Cook County Chief Judge Timothy Evans announced changes in leadership within the court’s adult probation department Tuesday. The changes follow recent incidents of people being accused of committing high-profile crimes while under the office’s supervision, but Evans did not indicate a reason for personnel shifts in his email to court workers.
In late March, prosecutors accused Antoine Jackson of following a woman from the Belmont Red Line station and raping her in a nearby alley. At the time of the attack, Jackson was non-compliant with the terms of probation in another case that involved allegations of sexual assault and robbery of a woman on a Red Line train last year.
Even though Jackson was not living up to his probation obligations, the court’s probation department never picked him up for non-compliance, records show.
A plea deal
Jackson pleaded guilty to robbery in the 2020 case on October 19 after prosecutors agreed to drop sex crime charges in a deal that resulted in him receiving a two-year probation sentence from Judge Neera Walsh.
During a Zoom court hearing on December 4, prosecutors asked Walsh to find Jackson in violation of probation because he failed to meet most of his obligations. He didn’t show up for a required appointment on November 20; he didn’t respond to a request for substance abuse evaluation; he didn’t provide proof of mental health treatment, he made no payments toward court-ordered fees; and — tellingly — he failed to register as a sex offender.
Walsh ordered Jackson to go onto the sheriff’s electronic monitoring program. That presented two problems. First, the sheriff’s monitoring program is for people who are on bond, not for probationers, a sheriff’s spokesperson said. And second, Jackson’s hearing was on Zoom, so even if he qualified for the program, he was being trusted to turn himself in to be banded.
He never turned himself in for the program he didn’t qualify for, records show. And the probation department didn’t go out to get him.
Letters in the case court file show the sheriff’s office essentially asked the judge what she was doing and how she expected them to put someone on electronic monitoring without the person being on bond. About a week later, still on Zoom, Walsh set a recognizance bond in the case and ordered him to turn himself in.
Jackson still didn’t turn himself in. And the probation department still didn’t go get him.
In another letter on February 2, a sheriff’s office sergeant told Walsh, “Mr. Jackson has failed to comply with this order by not turning himself in…to be placed on Sheriff’s Electronic Monitoring.”
Walsh issued an arrest warrant for Jackson on February 4. And nobody went to get him — until Chicago police tracked him down after the woman was raped near the Belmont Red Line station nearly two months later. Locating Jackson was not too challenging for CPD. According to prosecutors, they found him less than 24 hours after the alleged rape victim identified him in a photo line-up.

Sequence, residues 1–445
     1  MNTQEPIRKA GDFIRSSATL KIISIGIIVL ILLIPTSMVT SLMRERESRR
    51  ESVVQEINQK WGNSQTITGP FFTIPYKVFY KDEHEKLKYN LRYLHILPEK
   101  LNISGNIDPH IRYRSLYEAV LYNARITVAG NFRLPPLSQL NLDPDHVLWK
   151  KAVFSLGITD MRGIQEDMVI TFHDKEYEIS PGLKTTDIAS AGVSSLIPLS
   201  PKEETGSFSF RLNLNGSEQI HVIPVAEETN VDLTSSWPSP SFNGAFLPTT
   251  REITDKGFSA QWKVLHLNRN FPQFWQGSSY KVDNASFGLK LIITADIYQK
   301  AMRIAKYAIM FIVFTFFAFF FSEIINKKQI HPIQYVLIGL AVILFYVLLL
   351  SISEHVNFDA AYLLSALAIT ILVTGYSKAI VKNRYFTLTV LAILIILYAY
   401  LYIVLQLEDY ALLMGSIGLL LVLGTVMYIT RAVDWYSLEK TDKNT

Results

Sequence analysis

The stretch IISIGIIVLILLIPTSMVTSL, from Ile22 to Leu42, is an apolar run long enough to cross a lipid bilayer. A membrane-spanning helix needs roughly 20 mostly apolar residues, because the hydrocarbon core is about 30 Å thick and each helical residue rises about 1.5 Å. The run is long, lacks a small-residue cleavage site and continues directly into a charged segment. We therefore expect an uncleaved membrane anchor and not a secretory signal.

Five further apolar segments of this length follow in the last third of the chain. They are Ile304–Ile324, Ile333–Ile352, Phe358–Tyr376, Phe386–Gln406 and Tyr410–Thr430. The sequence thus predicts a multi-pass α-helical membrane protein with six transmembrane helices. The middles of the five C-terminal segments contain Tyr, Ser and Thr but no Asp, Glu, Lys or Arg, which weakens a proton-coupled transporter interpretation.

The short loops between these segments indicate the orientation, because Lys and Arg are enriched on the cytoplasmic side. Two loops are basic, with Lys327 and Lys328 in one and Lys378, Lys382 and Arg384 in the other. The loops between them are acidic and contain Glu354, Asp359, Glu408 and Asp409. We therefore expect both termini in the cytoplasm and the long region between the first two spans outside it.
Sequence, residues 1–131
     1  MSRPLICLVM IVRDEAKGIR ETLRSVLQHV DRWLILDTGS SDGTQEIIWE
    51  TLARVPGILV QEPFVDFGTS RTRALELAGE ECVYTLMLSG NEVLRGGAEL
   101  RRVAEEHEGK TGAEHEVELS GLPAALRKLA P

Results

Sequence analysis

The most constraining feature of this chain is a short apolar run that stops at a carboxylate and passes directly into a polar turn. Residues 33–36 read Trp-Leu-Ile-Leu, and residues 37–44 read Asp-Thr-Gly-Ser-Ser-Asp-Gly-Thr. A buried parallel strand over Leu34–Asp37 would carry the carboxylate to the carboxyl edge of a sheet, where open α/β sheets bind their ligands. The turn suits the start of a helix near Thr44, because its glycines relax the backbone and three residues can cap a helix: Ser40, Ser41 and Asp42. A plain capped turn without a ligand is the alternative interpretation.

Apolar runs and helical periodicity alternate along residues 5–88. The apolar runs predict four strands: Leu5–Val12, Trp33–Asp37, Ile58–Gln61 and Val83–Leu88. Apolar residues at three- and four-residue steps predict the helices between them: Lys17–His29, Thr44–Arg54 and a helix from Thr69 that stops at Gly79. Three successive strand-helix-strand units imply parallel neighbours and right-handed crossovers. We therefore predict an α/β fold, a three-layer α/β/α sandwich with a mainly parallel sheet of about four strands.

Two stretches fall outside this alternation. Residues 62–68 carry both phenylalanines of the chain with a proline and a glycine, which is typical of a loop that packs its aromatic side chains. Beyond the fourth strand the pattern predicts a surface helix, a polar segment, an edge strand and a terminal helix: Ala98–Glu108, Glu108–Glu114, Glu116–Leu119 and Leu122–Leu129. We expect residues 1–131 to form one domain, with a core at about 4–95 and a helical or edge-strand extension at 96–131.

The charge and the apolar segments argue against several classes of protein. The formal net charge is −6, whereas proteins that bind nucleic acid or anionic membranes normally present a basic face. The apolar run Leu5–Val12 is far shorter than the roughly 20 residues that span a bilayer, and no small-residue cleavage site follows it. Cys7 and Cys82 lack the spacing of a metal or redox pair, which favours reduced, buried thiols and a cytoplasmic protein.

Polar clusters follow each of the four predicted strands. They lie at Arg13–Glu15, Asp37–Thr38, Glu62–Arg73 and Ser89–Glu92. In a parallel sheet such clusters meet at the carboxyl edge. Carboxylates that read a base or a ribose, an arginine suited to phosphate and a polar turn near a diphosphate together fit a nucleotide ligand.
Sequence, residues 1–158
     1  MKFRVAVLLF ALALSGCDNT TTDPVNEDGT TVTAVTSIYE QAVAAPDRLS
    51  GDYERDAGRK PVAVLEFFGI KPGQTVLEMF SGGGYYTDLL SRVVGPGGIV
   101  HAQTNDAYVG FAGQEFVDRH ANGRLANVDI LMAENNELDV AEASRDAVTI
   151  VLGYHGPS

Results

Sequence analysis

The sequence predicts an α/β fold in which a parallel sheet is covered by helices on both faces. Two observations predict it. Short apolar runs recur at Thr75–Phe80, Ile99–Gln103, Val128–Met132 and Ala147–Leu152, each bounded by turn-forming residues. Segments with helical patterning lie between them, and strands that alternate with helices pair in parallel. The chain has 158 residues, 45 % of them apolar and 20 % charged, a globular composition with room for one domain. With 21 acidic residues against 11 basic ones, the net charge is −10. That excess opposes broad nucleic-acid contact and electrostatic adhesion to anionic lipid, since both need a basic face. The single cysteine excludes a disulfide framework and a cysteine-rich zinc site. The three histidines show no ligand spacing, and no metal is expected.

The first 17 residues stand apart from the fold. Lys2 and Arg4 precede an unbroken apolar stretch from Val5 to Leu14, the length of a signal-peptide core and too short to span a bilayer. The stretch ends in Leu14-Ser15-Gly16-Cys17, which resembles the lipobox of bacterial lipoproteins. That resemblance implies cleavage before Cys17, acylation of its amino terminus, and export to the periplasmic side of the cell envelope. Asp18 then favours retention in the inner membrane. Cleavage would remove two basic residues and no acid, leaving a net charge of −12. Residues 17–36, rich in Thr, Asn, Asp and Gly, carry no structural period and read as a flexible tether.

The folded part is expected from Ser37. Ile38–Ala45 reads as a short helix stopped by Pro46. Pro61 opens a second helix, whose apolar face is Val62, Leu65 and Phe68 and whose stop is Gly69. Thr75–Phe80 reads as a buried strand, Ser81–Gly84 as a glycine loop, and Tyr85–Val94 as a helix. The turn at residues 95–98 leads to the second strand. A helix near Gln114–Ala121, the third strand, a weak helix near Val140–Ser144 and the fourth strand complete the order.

Earlier this month, we asked the chief judge’s office what steps the probation department took to bring Jackson into custody after he repeatedly violated his agreement.
A spokesperson for Evans claimed that “the Adult Probation Department does not go into the field and look for people on warrants.” The spokesperson did not respond to follow-up questions asking if the department should go after someone for violating probation.
Violating for over a year
Another tragic case involving someone who was wanted for probation violation came to light on Tuesday afternoon.
In that case, prosecutors said Cash Johnson, 26, fatally stabbed a 75-year-old man in a Rogers Park gangway. According to the state, Johnson was wanted for probation violation in a felony narcotics case since January 2020, yet he remained on the loose until police arrested him for the murder this week.
In another high-profile situation, prosecutors said Ruben Roman, the 21-year-old accused of firing a gun and then handing it to 13-year-old Adam Toledo moments before Chicago police fatally shot the teen on March 29, has repeatedly violated the terms of probation in a gun case.
Roman went on probation on the gun charge in July 2019 after prosecutors agreed to drop a series of other felonies in a plea deal. According to court records, the state’s attorney’s office filed probation violation motions against Roman in December 2019, March 2020, and August 2020. He was never given a new sentence despite his alleged violations.
Earlier this month, CWBChicago also asked Evans’ office about reports that a specific supervisor in the adult probation department had been seemingly missing in action for an extended period of time. His office said only that the individual is “an employee with our office” and “is on the job.” The office did not respond to follow-up questions about the employee’s past attendance.
On Tuesday, Evans announced a series of eight “promotions and reassignments” within the adult probation department.